Lean protein helps in the battle. I eat lots of lower fat cheese, yogurt, nuts, fruit and veggies.

Good luck!
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Aug 3rd, 2005, 08:02 AM
  #71  
TheWeasel
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kswl-

You seem to prefer to ignore the good things that parks/zoos are doing. Go to the AZA's website and educate yourself about their conservation and education programs. There are species of animals on this planet that would either no longer exist, or would be virtually extinct without the assistance of zoos. Their captive breeding programs have maintained genetic diversity and prevented extinction, while their conservation/education programs have worked to save and expand natural habitats so these species can survive in the wild. It's not all about caging wild animals so that we can look at them at our convenience, as you put it.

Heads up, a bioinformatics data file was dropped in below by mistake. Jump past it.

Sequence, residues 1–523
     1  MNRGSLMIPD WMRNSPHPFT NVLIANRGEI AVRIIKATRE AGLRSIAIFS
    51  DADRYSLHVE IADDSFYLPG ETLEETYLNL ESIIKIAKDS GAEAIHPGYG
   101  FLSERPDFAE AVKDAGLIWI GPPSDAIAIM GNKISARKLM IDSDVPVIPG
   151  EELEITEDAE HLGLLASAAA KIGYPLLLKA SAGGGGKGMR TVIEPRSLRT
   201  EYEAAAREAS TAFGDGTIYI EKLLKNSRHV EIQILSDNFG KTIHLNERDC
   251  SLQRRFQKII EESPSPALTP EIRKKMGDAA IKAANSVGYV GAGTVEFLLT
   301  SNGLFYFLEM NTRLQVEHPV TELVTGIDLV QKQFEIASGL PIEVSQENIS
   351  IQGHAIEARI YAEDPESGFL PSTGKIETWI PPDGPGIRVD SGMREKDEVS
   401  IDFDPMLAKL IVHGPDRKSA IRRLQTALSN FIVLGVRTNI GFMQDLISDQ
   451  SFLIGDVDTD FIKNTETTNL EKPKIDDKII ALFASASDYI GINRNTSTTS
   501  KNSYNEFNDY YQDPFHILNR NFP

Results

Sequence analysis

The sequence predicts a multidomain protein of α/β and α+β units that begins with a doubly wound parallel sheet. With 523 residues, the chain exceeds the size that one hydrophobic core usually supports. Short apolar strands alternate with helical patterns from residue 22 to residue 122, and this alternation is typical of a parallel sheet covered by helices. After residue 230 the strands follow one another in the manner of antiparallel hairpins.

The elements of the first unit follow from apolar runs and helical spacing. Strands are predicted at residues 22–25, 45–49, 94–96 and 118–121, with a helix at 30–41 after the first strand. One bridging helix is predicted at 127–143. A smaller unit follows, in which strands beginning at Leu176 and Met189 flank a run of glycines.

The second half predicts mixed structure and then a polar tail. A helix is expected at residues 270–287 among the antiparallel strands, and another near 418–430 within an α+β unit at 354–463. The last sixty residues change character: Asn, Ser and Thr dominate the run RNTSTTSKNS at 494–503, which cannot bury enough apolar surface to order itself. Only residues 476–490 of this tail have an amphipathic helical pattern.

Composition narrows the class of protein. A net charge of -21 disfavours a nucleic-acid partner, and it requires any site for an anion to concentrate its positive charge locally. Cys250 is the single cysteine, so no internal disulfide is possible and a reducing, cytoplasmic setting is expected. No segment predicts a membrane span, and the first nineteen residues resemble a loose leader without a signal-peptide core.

Aug 3rd, 2005, 08:13 AM
  #72  
 
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" a video superseding the experience of being there in nature?"

No, you still don't get it. I don't care that a video is not good enough for you---that you (the impersonal, collective "you") would prefer the experience of seeing something in the flesh. It is the zoo habitat that is the pale comparison of nature, and THAT is the concern---not the quality of video!


"It's not all about caging wild animals so that we can look at them at our convenience, as you put it." The real test of people's dedication to those conservation and preservation programs is this: would they still be in place if people couldn't come to the zoo for entertainment?